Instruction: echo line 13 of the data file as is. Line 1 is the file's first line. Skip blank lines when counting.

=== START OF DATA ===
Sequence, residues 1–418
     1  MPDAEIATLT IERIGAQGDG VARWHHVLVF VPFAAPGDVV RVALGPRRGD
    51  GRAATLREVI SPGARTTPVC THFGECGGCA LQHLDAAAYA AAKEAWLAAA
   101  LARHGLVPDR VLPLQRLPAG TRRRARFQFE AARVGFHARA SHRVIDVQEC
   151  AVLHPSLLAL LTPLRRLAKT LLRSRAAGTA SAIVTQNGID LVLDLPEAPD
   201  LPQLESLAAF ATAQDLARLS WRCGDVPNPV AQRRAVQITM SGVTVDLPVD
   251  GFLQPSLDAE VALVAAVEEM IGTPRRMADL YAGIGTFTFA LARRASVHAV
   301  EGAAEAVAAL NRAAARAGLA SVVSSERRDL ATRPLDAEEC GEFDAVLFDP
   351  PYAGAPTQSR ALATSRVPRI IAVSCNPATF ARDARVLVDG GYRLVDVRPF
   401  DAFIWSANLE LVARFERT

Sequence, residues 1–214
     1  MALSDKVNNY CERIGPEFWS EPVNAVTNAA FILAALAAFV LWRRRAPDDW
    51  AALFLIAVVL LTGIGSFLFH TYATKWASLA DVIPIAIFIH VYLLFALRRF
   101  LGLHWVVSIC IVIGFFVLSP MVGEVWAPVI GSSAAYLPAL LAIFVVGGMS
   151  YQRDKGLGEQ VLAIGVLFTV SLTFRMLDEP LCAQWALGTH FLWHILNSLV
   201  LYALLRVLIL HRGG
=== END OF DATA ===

    51  AALFLIAVVL LTGIGSFLFH TYATKWASLA DVIPIAIFIH VYLLFALRRF